Facilities: For the most part there are no facilities except those that can be found at the Mt. Charleston viewpoint and the village at the top.
Estimated Round-trip Time: Depending upon hiking and one should plan to spend the entire day.
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Physical Description of the Area: The 57,442 acre Mt. Charleston Wilderness Area located inside the boundaries of the 316,000 acre Spring Mountains National Recreation Area (see Fig. 02). North to south, four peaks, Willow, Bonanza, Charleston and Griffith are all located inside the Mt. Charleston Wilderness Area. At 11,918 feet, Mount Charleston is the highest peak and the fourth highest in the entire state of Nevada. As you can see from (Fig. 03), there are some 40 miles of trails located within the Mount Charleston Wilderness Area, all of which can be accessed from the Spring Mountains National Recreation Area, commonly referred to by locals as Mount Charleston. Referring to the map in (Fig. 02), the boundary of the Spring Mountains National Recreation area stretches nearly 60 miles from Mount Sterling and Wheeler Peak in the north to Potosi Mountain in the south. Officially a part of the Humboldt-Toiyabe National Forest (see Footnote (#1), bottom), SMNR and the Mt Charleston Wilderness Area is home to the bristlecone pine (Pinus longavea), which are some of the world's longest-living plants--the oldest are thousands of years old. The east and south are bordered by the Red Rock Canyon National Conservation Area (Fig. 02).

Page Update Notes: It seems like I am always going back and redesigning previous pages based upon new findings, hikes, etc. Because more recent visits and the newly built Spring Mountains Visitor Gateway center (Fig. 04), I decided to re-title this page to the Mount Charleston Wilderness Area - Summary Page. I then added the trail map in (Fig. 03) above to show the locations for most of the trails in the area, including five new trails behind the visitor center. The visitor center is located at the red dot on the map in (Fig. 02). I then added below more "Trip Notes" for additional recent visits and hikes to the area. Keep referring back to (Fig. 03) as you review the 17 hikes listed below.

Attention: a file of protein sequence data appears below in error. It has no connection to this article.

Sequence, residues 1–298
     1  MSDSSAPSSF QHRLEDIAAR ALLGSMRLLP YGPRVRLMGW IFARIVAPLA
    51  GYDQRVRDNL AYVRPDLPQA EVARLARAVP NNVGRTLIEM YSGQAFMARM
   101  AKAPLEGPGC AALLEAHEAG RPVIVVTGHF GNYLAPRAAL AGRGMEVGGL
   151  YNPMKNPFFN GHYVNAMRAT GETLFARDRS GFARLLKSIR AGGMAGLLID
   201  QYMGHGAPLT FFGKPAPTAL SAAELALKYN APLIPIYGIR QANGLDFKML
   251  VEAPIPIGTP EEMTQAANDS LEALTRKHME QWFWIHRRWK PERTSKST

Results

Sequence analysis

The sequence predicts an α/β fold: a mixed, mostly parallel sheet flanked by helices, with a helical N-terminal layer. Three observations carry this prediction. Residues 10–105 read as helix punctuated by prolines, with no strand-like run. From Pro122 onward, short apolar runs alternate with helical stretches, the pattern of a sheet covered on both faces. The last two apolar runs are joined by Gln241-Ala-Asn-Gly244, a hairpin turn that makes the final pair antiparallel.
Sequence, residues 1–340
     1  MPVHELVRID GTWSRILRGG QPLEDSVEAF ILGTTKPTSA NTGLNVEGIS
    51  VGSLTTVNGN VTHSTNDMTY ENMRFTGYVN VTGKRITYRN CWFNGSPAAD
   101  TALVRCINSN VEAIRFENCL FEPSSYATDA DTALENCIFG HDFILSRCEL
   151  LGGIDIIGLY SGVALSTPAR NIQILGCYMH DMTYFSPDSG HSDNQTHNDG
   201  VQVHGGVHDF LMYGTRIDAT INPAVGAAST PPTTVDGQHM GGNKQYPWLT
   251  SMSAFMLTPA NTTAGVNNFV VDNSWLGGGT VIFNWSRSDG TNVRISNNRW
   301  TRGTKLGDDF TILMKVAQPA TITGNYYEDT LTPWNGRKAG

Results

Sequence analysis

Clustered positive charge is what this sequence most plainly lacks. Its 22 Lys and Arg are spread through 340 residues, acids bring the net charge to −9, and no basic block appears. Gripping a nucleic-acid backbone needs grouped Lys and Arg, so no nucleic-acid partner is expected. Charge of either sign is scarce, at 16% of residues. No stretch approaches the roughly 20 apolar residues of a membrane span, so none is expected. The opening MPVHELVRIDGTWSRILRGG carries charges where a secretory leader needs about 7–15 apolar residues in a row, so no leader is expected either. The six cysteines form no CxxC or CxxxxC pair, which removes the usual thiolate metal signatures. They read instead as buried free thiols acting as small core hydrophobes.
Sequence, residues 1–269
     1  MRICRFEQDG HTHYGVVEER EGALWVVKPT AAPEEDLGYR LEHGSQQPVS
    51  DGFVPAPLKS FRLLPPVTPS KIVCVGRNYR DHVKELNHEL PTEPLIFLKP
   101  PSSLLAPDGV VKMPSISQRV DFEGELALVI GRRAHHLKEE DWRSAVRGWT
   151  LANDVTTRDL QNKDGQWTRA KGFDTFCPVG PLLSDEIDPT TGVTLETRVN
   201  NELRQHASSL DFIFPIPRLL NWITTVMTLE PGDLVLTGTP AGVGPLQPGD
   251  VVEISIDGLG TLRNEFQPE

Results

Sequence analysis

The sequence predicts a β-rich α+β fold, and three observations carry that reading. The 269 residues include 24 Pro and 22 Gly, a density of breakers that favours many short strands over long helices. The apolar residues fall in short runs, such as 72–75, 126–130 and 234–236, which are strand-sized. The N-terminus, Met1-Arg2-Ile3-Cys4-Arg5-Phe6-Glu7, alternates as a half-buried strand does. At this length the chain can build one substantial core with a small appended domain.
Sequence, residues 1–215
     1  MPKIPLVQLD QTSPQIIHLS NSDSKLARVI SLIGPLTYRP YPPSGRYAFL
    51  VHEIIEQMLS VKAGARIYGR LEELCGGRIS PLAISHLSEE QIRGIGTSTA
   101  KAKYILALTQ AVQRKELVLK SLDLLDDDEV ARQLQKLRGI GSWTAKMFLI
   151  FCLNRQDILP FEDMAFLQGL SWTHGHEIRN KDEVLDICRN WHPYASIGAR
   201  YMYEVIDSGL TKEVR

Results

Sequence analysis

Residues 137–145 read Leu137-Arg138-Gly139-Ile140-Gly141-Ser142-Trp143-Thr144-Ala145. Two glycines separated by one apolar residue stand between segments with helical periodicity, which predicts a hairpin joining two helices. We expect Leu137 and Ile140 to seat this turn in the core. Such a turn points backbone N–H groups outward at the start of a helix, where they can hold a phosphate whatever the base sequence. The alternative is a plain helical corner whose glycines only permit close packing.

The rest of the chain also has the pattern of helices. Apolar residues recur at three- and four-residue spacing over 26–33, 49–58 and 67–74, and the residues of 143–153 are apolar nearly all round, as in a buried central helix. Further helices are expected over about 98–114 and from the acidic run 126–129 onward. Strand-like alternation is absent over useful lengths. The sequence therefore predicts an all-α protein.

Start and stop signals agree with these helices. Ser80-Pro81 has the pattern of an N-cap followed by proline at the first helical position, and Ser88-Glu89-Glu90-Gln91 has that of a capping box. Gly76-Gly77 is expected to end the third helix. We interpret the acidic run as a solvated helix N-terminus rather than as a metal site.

09/30/2017 Trip Notes Today Jim Herring, Connie and I made a daytrip of driving around the 57,442 acre Mt. Charleston Wilderness AreaThe purpose of our trip was to locate and photograph some Quaking Aspen (Populus tremuloides) trees and have a barbecue picnic lunch. Due to recent drops in temperatures, we guessed that it was about time for the broad trembling leaves of these white-barked deciduous trees to be turning. As you will see from the pictures in this post, we guessed the right time. Click here to view this post ...Mt. Charleston's Quaking Aspens.

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10/01/2015 Trip Notes: Today Blake Smith and I headed to Mt Charleston for some “cooler” hiking. When we got there it was only 48 degrees. We decided to drive back to the Resort at Mt Charleston for breakfast before starting hiking. The first place we landed was at Deer Spring Creek Picnic Area, one of the stops along Deer Spring Road. By the time we got there it was beautiful in the mid-60’s. Here is a link to the page on this hike … Deer Creek Picnic Area. After hiking this area we went on to Long Lee Meadow near the upper end of Lee Canyon Road. My the time we go there the temperatures were in the 70's, much warmer than I first stop earlier in the morning. Click this link to see pictures from this area ... Long Lee Meadows